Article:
American news outlets such as CNN, FOX News and the like had no qualms about showing victims fighting to take another breath, or using the sort of presentation you’d find in an action film from Michael Bay or Ridley Scott.
The large fonts hit you with rapid frequency, while the analysts speculate nonsensically, as long as it makes for good, exciting, television and they win the ratings game. It is the sort of apathy for the victims you’d possibly find in a shooter himself.
On the other hand, the Canadian news channels exercised caution, showed sensitivity, and preached calm.
In spite of the study which states mass shootings are contagious, mainstream American media claims psychiatrists are divided on whether sensationalist coverage encourages shootings. It isn’t completely surprising however that those responsible for sensationalism don’t find fault with themselves.
Writing for The Atlantic, Zeynep Tufekci, a sociologist, is stupefied by how the American media, ‘swirls around’ mass killings like a ‘tornado’. He fears this sensationalism could be responsible for ‘creating a vicious cycle of copycat effects…’
American mothers can sometimes not afford to bond with their children.
It starts with childbirth. The United States is the only developed country in the world which doesn’t guarantee paid maternity leave. In a country where the cost of living is so high that often both parents have to work to make ends meet, or a single parent must most definitely work, to ask a mother to separate from her child during the most crucial part of its development where it bonds with its parent, is inhumane.
Another American issue is how mothers give birth. According to the documentary, The Business of Being Born, American mothers, unlike European ones, are often tricked into giving birth though unnatural means by hospitals more concerned with their bottom lines. This, again, has a psychological impact on both mother and child.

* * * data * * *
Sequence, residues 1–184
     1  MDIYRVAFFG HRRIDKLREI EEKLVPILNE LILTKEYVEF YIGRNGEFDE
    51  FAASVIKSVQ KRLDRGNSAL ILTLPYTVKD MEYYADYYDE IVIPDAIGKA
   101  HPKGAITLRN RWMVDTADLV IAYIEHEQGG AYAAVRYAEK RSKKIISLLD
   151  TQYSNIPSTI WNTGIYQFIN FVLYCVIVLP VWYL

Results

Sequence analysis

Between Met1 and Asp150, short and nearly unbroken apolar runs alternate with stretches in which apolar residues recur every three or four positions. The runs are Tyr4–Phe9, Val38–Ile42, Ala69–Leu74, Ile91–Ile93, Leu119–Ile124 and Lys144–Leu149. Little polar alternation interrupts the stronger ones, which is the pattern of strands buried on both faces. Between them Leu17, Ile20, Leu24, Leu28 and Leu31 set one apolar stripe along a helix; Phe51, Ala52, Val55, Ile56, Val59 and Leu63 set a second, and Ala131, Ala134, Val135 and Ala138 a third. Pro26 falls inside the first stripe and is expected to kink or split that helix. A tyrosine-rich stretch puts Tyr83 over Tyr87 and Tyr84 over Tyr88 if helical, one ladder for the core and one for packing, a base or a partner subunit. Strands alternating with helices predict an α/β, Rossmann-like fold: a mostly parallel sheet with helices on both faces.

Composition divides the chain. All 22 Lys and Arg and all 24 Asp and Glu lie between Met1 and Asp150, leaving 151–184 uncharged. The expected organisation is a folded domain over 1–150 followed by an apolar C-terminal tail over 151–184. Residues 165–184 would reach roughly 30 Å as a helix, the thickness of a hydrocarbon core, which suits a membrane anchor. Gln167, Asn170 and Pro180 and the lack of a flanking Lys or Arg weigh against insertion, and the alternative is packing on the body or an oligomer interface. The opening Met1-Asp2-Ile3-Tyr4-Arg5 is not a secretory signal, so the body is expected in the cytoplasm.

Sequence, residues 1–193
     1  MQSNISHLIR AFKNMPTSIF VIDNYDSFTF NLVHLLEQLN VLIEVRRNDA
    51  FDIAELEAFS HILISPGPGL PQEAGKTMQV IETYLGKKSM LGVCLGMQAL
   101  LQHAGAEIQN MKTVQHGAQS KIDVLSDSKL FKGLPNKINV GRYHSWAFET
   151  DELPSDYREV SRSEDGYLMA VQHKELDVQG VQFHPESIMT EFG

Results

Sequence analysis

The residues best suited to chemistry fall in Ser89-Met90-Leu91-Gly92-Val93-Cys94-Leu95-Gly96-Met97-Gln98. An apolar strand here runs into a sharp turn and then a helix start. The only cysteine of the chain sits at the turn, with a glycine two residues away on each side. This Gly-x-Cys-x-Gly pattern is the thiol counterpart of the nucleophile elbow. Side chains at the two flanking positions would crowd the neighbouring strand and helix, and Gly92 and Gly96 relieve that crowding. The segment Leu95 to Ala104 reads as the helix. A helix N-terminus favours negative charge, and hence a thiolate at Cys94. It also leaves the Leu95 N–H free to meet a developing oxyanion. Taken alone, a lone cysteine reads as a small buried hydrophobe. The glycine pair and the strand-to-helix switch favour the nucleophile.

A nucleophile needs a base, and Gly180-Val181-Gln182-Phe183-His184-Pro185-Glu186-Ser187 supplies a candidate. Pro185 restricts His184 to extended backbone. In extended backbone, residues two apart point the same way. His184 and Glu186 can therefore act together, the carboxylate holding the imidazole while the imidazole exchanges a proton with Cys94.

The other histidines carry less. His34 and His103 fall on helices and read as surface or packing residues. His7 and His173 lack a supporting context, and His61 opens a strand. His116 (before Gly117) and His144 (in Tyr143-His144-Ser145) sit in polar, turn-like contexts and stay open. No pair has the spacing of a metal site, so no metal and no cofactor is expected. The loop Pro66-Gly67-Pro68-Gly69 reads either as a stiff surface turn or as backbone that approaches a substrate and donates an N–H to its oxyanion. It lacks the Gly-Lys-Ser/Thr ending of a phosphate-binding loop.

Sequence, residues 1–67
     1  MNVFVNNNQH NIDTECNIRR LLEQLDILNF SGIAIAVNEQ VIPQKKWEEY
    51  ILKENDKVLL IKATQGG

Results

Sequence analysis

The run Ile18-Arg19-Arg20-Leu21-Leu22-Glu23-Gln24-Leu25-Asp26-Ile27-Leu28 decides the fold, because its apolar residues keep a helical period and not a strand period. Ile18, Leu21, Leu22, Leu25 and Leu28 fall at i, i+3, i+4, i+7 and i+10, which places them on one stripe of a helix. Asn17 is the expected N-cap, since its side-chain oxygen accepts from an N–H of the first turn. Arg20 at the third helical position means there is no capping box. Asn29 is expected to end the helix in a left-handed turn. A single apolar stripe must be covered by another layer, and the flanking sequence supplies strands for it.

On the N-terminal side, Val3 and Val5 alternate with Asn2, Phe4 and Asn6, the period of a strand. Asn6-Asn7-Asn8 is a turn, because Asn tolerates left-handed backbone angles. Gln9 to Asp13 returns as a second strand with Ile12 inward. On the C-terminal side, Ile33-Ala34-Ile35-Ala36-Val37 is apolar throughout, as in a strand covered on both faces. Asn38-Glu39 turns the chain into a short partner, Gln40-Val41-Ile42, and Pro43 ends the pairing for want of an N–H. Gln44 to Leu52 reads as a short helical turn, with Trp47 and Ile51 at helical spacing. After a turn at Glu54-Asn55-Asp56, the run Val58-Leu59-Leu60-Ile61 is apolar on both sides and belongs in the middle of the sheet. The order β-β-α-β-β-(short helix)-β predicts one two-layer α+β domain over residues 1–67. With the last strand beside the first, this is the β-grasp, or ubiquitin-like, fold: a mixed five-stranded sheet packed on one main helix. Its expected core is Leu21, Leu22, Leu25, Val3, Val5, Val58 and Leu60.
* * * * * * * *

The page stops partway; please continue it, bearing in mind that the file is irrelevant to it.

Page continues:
Is it any wonder that so many Americans are growing up without a healthy connection to their parents? Or so many suffer from, as psychiatrist Tony Farrenkopf calls it, ineffective parenting?
Foods banned by Europeans and Canadians for creating nerve damage are eaten by Americans.
Buzzfeed presents a short list of just a few substances consumed in America, yet banned in Europe. These items can cause birth defects, organ damage, hurt nerve cell development, and affect the nervous system. Some food dyes cause aggressive and reckless behaviour in kids.
America has a mental health problem.
A World Health Organisation (WHO) study concluded that mental health disorders are the highest in the United States. In fact, over a lifetime, the average American has a 47.4% chance of suffering from a mental sickness. Every year, 27 per cent Americans will suffer from a mental health condition. Comparatively, fewer citizens of other nations will suffer from such an illness.
But the real difference between America and other developed nations is in the way health care is delivered. Europeans and Canadians with psychological concerns can find help through universal health care. In America, on the other hand, health care is a disaster. Only 41.1 Americans suffering from mental health disorders find treatment.
A dog eat dog world
Unfortunately, cut throat capitalism has started to kill the soul of the United States of America. European nations and Canada not only support tighter gun control, but are also welfare states. They take care of their people. There is a vast difference between income equality in Europe as compared to America. Unlike America, the European middle class grows.
Americans have less vacation time, less disposable income, work harder and longer hours. Some American students feel like they don’t fit in, don’t belong, are lonely, and don’t have the connection with their mother to anchor them. They are fed lies about the evils of socialism and how their life is better, when it isn’t.
Meanwhile, mass shooters are found to often be in financial strife, or suffering from various mental health issues, such as paranoid schizophrenia, depression, and bipolar disorder. Most mentally ill do not become mass shooters, but those mass shooters who do are most certainly mentally ill.
In essence, the greater the amount of mentally ill people, the greater the probably of one of them becoming a mass shooter.
The solution is not to be suspicious of every American showing signs of a mental illness, but to provide a support network, and more importantly, fight the factors which result in mental health issues. But to fight these factors means to rework how much of America functions itself.
from The Express Tribune Blog http://blogs.tribune.com.pk/story/30016/what-if-gun-control-isnt-solely-to-blame-for-mass-shootings-in-america/